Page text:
The declaration also sets the ambitious target of a free trade zone by 2010 between the Union and the Mediterranean countries represented in Barcelona: Algeria, Morocco, Tunisia, Egypt, Israel, Jordan, Lebanon, the Palestinian autonomous territories, Syria, Turkey, Cyprus and Malta.
Countries of Central and Eastern Europe (CEECs)
The collapse of communism led to a surge in the relations between the Union and most of the CEECs, including the signing of association agreements, the so-called 'Europe Agreements'. Currently, there are nine such agreements. Six are in force involving Bulgaria, the Czech Republic, Hungary, Poland, Romania and Slovakia, while those with Estonia, Latvia and Lithuania are awaiting ratification (a tenth has been initialled with Slovenia).
These agreements give the signatories associate status and cover both political and economic relations. They establish regular and intensive political dialogue, progressive economic integration and financial assistance. They are of unlimited duration and allow the CEECs up to 10 years to remove economic and commercial barriers, while Union restrictions on the import of their industrial goods was removed by 1 January 1995 with some exemptions.
The EU is Russia's largest trading partner by far, accounting for close to 40% of the latter's foreign trade. When the Russian and EU national parliaments have finally ratified it, future political and economic relations will be governed by a partnership and cooperation agreement signed in 1994. This establishes a political dialogue at all levels, regulates the trade in nuclear fuels, allows free EU investment in Russia with full repatriation of profits, liberalizes the activities of foreign banks in Russia, removes all EU quotas on Russian exports apart from certain textile and steel products and allows temporary Russian quotas on some EU imports.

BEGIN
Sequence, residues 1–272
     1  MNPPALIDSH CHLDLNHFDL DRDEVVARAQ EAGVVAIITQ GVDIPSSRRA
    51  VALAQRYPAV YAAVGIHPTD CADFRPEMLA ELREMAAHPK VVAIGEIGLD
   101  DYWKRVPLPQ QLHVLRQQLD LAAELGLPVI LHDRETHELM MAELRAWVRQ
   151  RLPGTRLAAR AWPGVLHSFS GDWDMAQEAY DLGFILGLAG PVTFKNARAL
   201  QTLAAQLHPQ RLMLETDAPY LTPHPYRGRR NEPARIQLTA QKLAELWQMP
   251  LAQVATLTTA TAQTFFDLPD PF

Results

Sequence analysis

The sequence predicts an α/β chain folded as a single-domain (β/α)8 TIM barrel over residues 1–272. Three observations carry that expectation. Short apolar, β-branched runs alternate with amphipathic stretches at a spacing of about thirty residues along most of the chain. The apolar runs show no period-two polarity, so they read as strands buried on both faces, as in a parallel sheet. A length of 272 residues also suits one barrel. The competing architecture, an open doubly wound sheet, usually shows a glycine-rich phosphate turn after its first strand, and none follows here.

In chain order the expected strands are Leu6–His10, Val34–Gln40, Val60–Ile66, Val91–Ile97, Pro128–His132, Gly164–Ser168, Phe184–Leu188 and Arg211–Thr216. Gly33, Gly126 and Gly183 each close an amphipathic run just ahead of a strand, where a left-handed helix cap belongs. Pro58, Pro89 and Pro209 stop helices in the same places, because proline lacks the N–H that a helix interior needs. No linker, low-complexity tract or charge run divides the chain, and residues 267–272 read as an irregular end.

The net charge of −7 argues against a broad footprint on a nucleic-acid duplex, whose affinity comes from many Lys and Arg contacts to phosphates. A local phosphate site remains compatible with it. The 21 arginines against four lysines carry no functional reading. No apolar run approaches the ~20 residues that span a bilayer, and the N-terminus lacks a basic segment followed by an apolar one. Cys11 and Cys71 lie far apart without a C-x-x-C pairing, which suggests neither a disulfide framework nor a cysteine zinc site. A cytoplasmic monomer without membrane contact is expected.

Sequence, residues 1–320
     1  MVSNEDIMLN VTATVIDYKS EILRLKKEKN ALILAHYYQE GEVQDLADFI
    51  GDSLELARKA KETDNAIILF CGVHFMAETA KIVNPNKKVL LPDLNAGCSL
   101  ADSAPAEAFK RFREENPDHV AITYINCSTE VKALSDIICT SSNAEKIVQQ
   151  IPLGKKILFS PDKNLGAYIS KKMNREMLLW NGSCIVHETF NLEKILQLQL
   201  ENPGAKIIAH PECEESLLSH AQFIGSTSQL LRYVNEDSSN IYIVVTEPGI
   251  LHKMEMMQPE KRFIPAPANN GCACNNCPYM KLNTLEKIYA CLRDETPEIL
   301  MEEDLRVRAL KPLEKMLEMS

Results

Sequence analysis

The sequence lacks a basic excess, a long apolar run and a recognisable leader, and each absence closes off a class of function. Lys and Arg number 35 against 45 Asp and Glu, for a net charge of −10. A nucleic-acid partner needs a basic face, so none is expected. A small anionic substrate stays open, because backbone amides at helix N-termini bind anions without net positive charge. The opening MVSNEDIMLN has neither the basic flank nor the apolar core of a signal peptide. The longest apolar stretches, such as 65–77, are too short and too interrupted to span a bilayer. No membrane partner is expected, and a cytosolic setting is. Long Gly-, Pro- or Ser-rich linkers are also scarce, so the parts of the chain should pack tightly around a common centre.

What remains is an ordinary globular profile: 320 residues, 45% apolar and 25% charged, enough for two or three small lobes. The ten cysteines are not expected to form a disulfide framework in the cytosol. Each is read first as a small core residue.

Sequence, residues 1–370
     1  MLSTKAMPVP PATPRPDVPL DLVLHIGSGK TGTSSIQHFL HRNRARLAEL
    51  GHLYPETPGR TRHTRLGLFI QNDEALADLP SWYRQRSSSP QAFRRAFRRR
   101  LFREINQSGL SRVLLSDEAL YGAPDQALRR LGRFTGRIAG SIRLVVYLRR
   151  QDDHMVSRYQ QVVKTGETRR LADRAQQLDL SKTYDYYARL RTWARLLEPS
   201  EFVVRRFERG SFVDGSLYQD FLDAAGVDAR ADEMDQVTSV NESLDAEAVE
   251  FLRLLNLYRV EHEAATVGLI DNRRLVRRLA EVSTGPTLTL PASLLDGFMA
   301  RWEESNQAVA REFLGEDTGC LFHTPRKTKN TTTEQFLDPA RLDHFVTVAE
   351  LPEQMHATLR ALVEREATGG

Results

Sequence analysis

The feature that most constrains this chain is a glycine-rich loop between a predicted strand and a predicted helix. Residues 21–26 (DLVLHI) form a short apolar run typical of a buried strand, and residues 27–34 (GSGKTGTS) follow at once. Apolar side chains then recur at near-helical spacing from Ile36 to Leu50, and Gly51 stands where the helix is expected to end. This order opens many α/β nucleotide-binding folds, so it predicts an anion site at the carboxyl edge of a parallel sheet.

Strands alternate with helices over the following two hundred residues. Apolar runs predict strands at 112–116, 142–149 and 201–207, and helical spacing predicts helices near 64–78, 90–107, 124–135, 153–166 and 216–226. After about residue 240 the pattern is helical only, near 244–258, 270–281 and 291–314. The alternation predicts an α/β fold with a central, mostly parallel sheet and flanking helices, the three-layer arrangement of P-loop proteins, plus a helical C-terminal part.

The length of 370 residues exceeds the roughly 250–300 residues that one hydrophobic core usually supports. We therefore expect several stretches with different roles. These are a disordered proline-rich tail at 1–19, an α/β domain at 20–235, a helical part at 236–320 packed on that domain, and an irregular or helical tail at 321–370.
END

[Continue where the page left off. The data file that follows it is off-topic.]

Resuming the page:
At their meeting in Madrid in December 1995, the European Council asserted that good relations between the EU and a democratic Russia 'are essential to stability in Europe'. The Heads of State or Government said the EU would:
contribute to Russia's democratic reforms;
support Russia's economic reforms, her integration into the international economy, the development of trade and investment and the necessary conditions for the future establishment of a free trade area between Russia and the EU;
take into account Russia's concerns about NATO enlargement;
support peaceful settlement of disputes in the CIS area.
TACIS: the EU's future relationship with Russia is being vitally shaped by the TACIS programme, designed to help her make the transition from a centrally planned to a market economy. TACIS projects involve, among other things, help in the restructuring of State enterprises and private sector development, reform of public administration, raising agricultural efficiency and supporting improvements in the safety of nuclear power plants.
The new independent States (NIS)
Relations with these republics of the former Soviet Union are increasingly regulated by partnership and cooperation agreements whose scope is political, economic, commercial and cultural. They aim to pave the way for the integration of these countries into the wider European economy. In the last two years such agreements have been signed with Russia, Ukraine, Moldova, Kyrgyzstan, Belarus, Kazakhstan,Georgia, Armenia, and Azerbaijan.
The European free trade area (EFTA)
On 1 January 1994, the European Economic Area was born (EEA). Following enlargement of the EU on 1 January 1995 with the accession of Austria, Finland and Sweden, this joins together in one single market the EU's 15 members with three remaining members of EFTA, Iceland, Liechtenstein and Norway (Switzerland is also in EFTA but has not signed the EEA Agreement).
Among other things, the EEA agreement grants the three partner countries the four freedoms of the single market - the free movement of goods, services, capital and people and requires them to adopt most EU policies on mergers, state aids, consumer protection, labour markets and the environment.
In 1995, China became the Union's fourth largest export market and its fourth largest supplier. Total bilateral trade reached around ECU 35 billion in 1994, with the EU's imports exceeding exports by around ECU 10 billion. China is the Union's largest supplier of textiles and clothing.
A framework trade and cooperation agreement was negotiated in 1995 to promote closer economic relations and exchanges of information and mutually beneficial investment. In addition, the EU is contributing to the Korean Peninsula Energy Development Organization in support of the search for peace and stability in the region. Bilateral trade between the EU and Korea is in the region of ECU 15 billion.
Реферат опубликован: 5/08/2006